And here’s the answer – If we nominate Hillary Clinton we will get another DLC Democrat who mouths progressive values during the campaign, then shifts to the right when (and if) elected. In short, citizens get no real choice.


The problem with this isn’t simply that it’s morally bankrupt; economically bad for 95% of Americans; bad for the economy in general; bad for the environment; bad for US competitiveness; and devastating for our children’s future climate – it’s ultimately bad politics, too.

Here’s the deal – the dirty little secret that plutocrats and corporatists in both Parties don’t want us to know: The vast majority of Americans favor progressive policies. Consider:

— 90% of the citizens support legislation requiring background checks for gun purchase, but Congress can’t pass one.

— 74% of Americans want to end subsidies to big oil – but there’s no chance of it happening;

— The majority of citizens favored allowing tax cuts for those earning over $250,000 to expire, but the best we could do is compromise on $400,000

— 70% of Americans consider climate change to be a high priority issue, yet Congress has taken no action;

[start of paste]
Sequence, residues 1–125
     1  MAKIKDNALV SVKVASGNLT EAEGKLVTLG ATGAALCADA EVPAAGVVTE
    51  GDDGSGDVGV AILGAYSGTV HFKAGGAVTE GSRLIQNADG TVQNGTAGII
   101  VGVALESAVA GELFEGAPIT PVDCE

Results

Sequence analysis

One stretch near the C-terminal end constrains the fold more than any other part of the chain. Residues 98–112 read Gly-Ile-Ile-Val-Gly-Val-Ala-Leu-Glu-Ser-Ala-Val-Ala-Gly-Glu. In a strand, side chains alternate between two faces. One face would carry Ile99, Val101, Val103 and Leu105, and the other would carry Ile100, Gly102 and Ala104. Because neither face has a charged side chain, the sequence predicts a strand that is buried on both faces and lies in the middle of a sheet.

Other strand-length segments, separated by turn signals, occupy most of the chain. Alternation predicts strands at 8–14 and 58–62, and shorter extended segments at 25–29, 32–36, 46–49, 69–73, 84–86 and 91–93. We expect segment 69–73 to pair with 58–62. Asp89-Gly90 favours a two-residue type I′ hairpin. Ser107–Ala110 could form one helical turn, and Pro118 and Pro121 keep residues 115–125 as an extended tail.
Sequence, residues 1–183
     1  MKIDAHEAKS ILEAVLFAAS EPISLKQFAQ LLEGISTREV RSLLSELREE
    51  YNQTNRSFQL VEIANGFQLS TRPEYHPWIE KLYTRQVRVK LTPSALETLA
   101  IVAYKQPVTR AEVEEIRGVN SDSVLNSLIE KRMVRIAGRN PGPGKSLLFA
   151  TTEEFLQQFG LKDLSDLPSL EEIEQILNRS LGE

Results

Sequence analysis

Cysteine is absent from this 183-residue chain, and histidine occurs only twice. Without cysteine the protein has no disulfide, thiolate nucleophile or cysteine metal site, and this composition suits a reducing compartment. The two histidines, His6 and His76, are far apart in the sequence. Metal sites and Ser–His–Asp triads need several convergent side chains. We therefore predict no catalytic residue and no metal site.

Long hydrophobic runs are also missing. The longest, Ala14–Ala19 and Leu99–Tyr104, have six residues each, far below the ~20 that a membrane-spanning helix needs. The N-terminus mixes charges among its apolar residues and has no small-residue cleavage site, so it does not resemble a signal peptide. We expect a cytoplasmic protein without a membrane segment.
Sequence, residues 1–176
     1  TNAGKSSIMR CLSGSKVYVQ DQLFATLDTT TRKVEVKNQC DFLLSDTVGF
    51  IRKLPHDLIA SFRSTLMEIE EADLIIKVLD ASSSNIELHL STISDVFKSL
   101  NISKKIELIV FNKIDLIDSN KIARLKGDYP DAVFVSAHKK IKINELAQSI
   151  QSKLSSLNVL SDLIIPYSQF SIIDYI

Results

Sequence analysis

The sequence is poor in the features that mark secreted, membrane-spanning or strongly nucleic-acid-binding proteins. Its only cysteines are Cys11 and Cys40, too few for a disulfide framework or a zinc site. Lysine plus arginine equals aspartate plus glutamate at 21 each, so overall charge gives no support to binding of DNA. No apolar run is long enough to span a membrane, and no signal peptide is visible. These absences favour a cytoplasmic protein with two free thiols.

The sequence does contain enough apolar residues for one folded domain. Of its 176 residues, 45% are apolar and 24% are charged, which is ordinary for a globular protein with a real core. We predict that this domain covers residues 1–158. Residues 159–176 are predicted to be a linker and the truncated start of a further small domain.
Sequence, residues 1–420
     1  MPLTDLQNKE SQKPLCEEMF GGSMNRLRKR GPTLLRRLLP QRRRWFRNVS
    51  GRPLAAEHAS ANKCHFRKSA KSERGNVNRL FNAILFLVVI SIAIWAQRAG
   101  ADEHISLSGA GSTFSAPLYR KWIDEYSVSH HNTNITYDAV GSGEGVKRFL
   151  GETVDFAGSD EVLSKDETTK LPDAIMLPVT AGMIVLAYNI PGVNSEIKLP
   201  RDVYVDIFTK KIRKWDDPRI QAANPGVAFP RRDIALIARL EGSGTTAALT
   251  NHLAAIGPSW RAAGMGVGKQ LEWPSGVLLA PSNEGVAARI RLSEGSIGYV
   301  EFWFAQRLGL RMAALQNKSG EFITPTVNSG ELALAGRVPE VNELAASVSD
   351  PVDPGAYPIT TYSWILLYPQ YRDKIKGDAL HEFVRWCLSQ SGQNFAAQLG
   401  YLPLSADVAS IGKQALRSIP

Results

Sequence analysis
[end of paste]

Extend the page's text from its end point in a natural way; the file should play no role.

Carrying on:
— Some 80% of Americans favor shoring up Social Security even if it means higher taxes and a similar number support retaining Medicare as is, but we’ve twice offered cuts to both programs as part of a “grand bargain”;

— Or take this gem … more than 80% of Americans want to clamp down on Wall Street but the best we could get was weak-sister legislation that is being completely eviscerated as it is translated into regulations.

This list could be extended across a broad range of issues. The fact is, the people’s interests aren’t being represented in Washington and they won’t be if Hillary Clinton is elected. Her record is clear. She’s an ardent proponent of trade agreements; she’s consistently supported the interests of Wall Street over Main Street; she’s been hawkish on foreign policy; weak on civil protections; hawkish on the deficit (until very recently) and mum on many other issues that demand a progressive advocate.

Yes, she’s beginning to veer to the left in preparation for the primaries, but haven’t we had enough of this?